Contrast this to the title character of Shakespeare’s King Lear. Like many tragic heroes of literature, Lear is burdened with a “hamartia” – a flaw in his character. Lear is rash, stubborn, and often acts without thinking. When his daughter Cordelia cannot find words to express her love for her father and refuses to flatter him, he flies into a rage, disowning her and exiling her from England. His plans to divide up his kingdom and give his authority into the hands of his daughters also appear ill thought out. Indeed, it is clear that he did not ask the opinion of his councilors for Kent calls his actions “mad.” Ultimately, his two eldest daughters banish him from their houses and condemn to death anyone who attempts to give the former king refuge. Lear now begins to truly go insane, but before completely losing his senses, he repents of his previous actions. Driven by his daughters to fend for himself during a storm, he decides to pray. Importantly, he prays not for himself but for “poor naked wretches” and declares, “O, I have ta’en too little care of this! Take physic, pomp; expose thyself to feel what wretches feel, that thou mayst shake the superflux to them, and show the heavens more just.” Lear realizes that his plight is small compared to others’ in the world. The audience might find irony in this – Lear’s plight is great, not small. He was once king of all of England and now is an exile and a beggar. Yet, Lear understands that his character is flawed, even though he thinks he is a man “more sinned against than sinning.” He regrets that he was not more kindhearted as a king and gazing on the ragged figure of Edgar, tries to rend his own garments as well, realizing that man is no different in rags or in robes. “Is man no more than this?” he asks, “Consider him well…Thou art the thing itself; unaccommodated man is no more but such a poor, bare, forked animal as thou art.” Lear is experiencing true humility and, like Aeneas, will ultimately realize that it was wrong to abandon his kingly duties. Later on he will declare, “Pray you now, forget and forgive. I am old and foolish.”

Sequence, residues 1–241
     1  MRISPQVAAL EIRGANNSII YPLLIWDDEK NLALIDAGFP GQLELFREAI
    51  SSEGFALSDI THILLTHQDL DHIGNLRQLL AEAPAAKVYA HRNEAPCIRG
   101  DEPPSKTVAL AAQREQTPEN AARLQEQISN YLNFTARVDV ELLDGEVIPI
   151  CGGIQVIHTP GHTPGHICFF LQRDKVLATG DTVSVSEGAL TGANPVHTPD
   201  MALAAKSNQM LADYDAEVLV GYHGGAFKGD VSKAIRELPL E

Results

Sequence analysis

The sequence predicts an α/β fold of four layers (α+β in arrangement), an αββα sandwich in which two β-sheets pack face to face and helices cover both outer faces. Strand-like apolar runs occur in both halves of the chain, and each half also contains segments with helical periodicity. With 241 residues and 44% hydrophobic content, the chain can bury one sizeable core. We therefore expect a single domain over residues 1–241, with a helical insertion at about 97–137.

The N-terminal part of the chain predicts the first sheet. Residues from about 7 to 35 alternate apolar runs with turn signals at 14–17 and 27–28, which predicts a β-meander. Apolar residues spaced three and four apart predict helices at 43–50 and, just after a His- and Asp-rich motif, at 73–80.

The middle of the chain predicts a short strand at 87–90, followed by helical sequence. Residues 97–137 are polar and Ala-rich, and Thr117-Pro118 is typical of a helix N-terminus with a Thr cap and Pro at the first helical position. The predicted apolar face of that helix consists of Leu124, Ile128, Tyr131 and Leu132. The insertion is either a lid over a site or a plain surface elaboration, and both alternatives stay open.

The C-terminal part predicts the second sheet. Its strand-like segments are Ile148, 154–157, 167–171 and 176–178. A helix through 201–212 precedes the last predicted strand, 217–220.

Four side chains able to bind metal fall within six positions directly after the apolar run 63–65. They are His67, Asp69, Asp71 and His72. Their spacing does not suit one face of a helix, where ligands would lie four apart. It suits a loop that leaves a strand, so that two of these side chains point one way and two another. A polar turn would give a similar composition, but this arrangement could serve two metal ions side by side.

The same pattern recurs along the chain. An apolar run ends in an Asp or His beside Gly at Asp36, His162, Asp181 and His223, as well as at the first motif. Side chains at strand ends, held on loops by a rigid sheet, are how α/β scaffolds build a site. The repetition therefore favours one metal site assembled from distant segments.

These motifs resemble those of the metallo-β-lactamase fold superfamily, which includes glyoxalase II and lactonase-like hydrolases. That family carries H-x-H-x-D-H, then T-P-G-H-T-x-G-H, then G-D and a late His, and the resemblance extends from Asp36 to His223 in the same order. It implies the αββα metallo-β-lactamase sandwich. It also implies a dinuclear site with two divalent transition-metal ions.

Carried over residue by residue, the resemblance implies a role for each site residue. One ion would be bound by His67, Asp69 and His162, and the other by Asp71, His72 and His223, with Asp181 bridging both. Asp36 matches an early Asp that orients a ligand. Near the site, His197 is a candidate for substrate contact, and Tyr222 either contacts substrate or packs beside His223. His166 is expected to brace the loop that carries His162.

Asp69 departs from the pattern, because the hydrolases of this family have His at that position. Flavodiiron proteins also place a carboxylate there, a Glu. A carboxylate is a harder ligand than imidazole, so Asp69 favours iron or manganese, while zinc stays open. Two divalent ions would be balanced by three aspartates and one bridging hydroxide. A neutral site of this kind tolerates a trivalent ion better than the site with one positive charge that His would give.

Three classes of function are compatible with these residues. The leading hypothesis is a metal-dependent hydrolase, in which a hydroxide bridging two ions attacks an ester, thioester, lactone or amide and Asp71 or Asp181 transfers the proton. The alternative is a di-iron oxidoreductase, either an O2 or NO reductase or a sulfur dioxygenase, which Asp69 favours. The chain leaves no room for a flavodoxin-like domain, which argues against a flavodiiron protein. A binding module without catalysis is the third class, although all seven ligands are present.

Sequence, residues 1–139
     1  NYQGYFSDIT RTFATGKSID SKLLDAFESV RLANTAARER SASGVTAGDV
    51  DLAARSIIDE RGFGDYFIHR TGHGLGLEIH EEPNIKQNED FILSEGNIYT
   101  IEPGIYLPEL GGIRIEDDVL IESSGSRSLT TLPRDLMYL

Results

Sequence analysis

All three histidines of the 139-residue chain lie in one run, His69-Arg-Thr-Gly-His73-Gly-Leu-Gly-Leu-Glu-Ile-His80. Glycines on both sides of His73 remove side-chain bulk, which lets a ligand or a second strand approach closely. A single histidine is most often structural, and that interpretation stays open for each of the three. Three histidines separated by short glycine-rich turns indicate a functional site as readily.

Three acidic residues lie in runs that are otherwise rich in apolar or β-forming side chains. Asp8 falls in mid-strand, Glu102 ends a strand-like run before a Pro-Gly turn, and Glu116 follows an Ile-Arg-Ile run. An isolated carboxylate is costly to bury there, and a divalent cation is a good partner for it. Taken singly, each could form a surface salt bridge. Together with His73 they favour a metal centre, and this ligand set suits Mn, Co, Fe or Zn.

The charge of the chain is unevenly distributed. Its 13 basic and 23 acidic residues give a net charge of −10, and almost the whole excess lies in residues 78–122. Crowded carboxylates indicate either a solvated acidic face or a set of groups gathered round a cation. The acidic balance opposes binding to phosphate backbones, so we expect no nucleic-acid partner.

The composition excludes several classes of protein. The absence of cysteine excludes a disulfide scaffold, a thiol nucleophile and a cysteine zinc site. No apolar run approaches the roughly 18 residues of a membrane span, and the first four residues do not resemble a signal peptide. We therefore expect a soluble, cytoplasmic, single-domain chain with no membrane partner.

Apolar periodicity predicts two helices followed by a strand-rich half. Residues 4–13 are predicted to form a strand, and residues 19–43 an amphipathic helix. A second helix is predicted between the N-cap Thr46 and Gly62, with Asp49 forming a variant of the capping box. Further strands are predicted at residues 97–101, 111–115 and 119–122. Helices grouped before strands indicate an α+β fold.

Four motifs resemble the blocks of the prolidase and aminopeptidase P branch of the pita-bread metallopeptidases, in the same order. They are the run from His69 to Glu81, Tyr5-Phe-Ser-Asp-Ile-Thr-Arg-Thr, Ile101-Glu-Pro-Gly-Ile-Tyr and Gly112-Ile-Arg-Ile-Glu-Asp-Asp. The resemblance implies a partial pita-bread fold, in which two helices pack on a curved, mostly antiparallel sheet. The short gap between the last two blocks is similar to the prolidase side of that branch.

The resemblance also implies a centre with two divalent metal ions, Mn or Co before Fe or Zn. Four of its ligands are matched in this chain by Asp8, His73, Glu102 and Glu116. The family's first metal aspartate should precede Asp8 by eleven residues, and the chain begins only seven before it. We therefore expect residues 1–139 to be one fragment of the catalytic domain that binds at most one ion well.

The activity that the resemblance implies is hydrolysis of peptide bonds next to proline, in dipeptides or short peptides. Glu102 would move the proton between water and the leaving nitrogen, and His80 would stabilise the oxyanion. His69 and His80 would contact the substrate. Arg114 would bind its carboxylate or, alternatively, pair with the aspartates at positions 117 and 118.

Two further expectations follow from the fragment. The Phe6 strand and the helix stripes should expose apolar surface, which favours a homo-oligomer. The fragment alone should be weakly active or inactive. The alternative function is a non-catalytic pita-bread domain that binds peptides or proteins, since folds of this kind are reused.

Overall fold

But Lear’s repentance does not mean that the moral order will be restored. As he observed when seeing Edgar, all men are equal: rags, robes, vice, or virtue are all the same to Fate. Indeed, although Lear reconciles with his daughter, Cordelia, and gains humility, he is not able to resume his kingly duties. And while Lear begins to overcome his insanity in the last act of the play, the murder of his daughter, Cordelia, drives all reason from him. His grief ultimately kills him. One character Gloucester declares, “As flies to wanton boys, are we to the gods, — They kill us for their sport.” Indeed, Cordelia’s death seems unnecessary for the plot of the play. Hers is not a sacrificial death in order to defeat evil. Rather, she is a casualty of the evil characters’ ambition and malice. In the same scene, a moral order seems to be reestablished when the character Edmund repents of his wickedness and is lead away to be executed. His brother Edgar, who had supported the king, observes, “The gods are just.” But when he hears of the plot to kill Cordelia, Edgar exclaims, “The gods defend her!” However, the gods do no such thing. Cordelia’s death is pointless and leads to no ultimate good. Rather, King Lear is broken by his suffering, dying as well, and leaving his kingdom without a ruler, having destroyed the authority structure.

Thus, both works exemplify a worldview that denies an ultimate moral standard in the universe. The end result of this is chaos and despair. It is true that, while both kings underwent periods of madness, Aeneas was rescued by a “deus ex machina” and was able to continue his kingly duties. Yet, Aeneas was only able to accomplish this because he was favored by the gods and his fate dictated that he would succeed. Fate could just as easily have favored another character and Aeneas could have met an untimely death. Indeed, this is the fate of King Lear, of Cordelia, and of Dido. Ultimately, the momentary madness of King Lear and Aeneas is reflective of the larger madness of their world – a bleak world of despair where characters live or die based on the whims of Fate.

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Posted by Nicole Bianchi at 7:03 PM